George Parsonage had been brought up to respect his river. Once it had been the artery of a great beating heart, traffic thronging its banks, masts thick as brush-wood. The tobacco trade with Virginia had made Glasgow flourish all right, with the preaching of commerce and the praising of a New World that was ripe for plucking. The names of some city streets still recalled those far-off days. Even in his own memory, the Clyde had been a byword for ships. As a wee boy, George had been taken to the launch of some of the finer products of Glasgow’s shipbuilding industry. But even then the river’s grandeur was fading. He’d listened to stories about the grey hulks that grew like monsters from the deep, sliding along the water, destined for battle, and about the cruise liners sporting red funnels that were cheered off their slipways, folk bursting with pride to be part of this city with its great river.
The romance and nostalgia had persisted for decades after the demise of shipbuilding and cross-river ferries. Books written about the Clyde’s heyday still found readers hankering after a time that was long past. The Glasgow Garden Festival in the eighties had prompted some to stage a revival along the river and more recently there had been a flurry of activity as the cranes returned to erect luxury flats and offices on either side of its banks. Still, there was little regular traffic upon its sluggish dark waters: a few oarsmen, a private passenger cruiser and the occasional police launch. Few saw what the river was churning up on a daily basis.
As he pushed the oars against the brown water, the riverman sent up a silent prayer for guidance. He’d seen many victims of despair and violence, and constantly reminded himself that each one was a person like himself with hopes, dreams and duties in different measure. If he could help, he would. That was what the Glasgow Humane Society existed for, after all. The sound of morning traffic roared above him as he made his way downstream. The speed of response was tempered by a need to row slowly and carefully once the body was near. Even the smallest of eddies could tip the body, filling the air pocket with water and sending it down and down to the bottom of the river. So, as George Parsonage approached the spot where the body floated, his oars dipped as lightly as seabirds’ wings, his eyes fixed on the shape that seemed no more than a dirty smudge against the embankment.
The riverman could hear voices above but his eyes never left the half-submerged body as the boat crept nearer and nearer. At last he let the boat drift, oars resting on the rowlocks as he finally drew alongside the river’s latest victim. George stood up slowly and bent over, letting the gunwales of the boat dip towards the water. Resting one foot on the edge, he hauled the body by its shoulders and in one clean movement brought it in. Huge ripples eddied away from the side as the boat rocked upright, its cargo safely aboard.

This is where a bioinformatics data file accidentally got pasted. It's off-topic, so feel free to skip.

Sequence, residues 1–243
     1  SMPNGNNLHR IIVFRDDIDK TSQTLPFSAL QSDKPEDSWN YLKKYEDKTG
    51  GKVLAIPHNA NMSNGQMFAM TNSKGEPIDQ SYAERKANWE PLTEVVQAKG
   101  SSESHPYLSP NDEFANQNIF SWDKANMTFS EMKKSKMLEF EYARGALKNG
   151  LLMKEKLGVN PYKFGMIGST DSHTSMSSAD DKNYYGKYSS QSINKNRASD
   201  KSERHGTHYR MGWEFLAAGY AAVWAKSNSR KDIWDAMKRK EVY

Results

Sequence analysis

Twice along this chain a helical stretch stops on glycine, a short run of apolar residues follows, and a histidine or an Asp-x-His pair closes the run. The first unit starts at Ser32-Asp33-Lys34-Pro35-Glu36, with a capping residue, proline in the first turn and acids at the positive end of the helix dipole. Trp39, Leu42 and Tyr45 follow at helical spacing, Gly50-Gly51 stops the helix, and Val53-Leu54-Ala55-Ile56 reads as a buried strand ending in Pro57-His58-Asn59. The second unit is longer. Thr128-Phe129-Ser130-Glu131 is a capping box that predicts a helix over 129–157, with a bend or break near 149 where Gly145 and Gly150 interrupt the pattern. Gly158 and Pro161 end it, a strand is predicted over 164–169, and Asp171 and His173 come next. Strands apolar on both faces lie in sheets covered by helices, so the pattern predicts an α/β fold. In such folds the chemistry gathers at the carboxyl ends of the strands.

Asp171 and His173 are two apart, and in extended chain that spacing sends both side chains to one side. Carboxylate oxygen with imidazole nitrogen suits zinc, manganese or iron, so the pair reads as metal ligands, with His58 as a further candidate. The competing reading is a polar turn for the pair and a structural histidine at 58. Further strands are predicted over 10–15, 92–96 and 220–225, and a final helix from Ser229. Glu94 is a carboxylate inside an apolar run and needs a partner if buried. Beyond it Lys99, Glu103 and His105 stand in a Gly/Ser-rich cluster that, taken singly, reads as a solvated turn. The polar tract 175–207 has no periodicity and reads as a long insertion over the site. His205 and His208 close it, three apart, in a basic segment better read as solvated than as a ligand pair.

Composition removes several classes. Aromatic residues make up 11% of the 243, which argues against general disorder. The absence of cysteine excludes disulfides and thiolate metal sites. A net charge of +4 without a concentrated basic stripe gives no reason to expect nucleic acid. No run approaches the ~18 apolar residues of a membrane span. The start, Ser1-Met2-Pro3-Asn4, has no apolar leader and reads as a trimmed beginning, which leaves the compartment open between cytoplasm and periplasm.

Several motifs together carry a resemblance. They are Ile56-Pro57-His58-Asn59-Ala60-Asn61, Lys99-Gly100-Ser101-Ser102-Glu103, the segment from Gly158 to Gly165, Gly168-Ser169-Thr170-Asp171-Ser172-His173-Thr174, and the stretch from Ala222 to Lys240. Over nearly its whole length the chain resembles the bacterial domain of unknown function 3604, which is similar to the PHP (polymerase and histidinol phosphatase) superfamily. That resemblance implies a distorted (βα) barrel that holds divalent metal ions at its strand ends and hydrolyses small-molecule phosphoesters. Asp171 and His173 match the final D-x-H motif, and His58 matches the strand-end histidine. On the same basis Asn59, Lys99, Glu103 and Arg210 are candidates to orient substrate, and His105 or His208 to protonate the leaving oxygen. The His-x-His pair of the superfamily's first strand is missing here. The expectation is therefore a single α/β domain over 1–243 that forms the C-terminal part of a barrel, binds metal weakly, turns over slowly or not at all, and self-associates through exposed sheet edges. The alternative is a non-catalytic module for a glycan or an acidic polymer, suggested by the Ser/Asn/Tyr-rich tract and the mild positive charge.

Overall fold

The victim was a middle-aged man. He’d clearly been in the water for some hours so there was no question of trying to revive him. The riverman turned the head this way and that, but there was no sign of a bullet hole or any wound that might indicate a sudden, violent death. George touched the sodden coat lightly. Its original camel colour was smeared and streaked with the river’s detritus, the velvet collar an oily black. Whoever he had been, his clothes showed signs of wealth. The pale face shone wet against the pearly pink light of morning. For an instant George had the impression that the man would sit up and grasp his hand, expressing his thanks for taking him out of the water, as so many had done before him. But today no words would be spoken.There would be only a silent communion between the two men, one dead and one living, before other hands came to examine the corpse.
George grasped the oars and pulled away from the embankment. Only then did he glance upwards, nodding briefly as he identified the men whose voices had sounded across the water. DCI Lorimer caught his eye and nodded back. Up above the banking a couple of uniformed officers stood looking down. Even as he began rowing away from the shore, the riverman noticed a smaller figure join the others. Dr. Rosie Fergusson had arrived.
‘Meet you at the Finnieston steps, George,’ Lorimer called out.
The riverman nodded briefly, pulling hard on the oars, taking his charge on its final journey down the Clyde.
Excerpt from The Riverman by Alex Gray. Copyright © 2017 by Alex Gray. Reproduced with permission from HarperCollins | WitnessImpulse. All rights reserved.

Author Bio:

Alex Gray was born and educated in Glasgow. After studying English and Philosophy at the University of Strathclyde, she worked as a visiting officer for the Department of Health, a time she looks upon as postgraduate education since it proved a rich source of character studies. She then trained as a secondary school teacher of English.
Alex began writing professionally in 1993 and had immediate success with short stories, articles, and commissions for BBC radio programs. She has been awarded the Scottish Association of Writers' Constable and Pitlochry trophies for her crime writing.
A regular on the Scottish bestseller lists, she is the author of thirteen DCI Lorimer novels. She is the co-founder of the international Scottish crime writing festival, Bloody Scotland, which had its inaugural year in 2012.

Connect with Alex Gray on her Website & on Twitter.

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 I received a complimentary digital copy of this book through Partners in Crime Virtual Book Tours. My comments are an independent and honest review.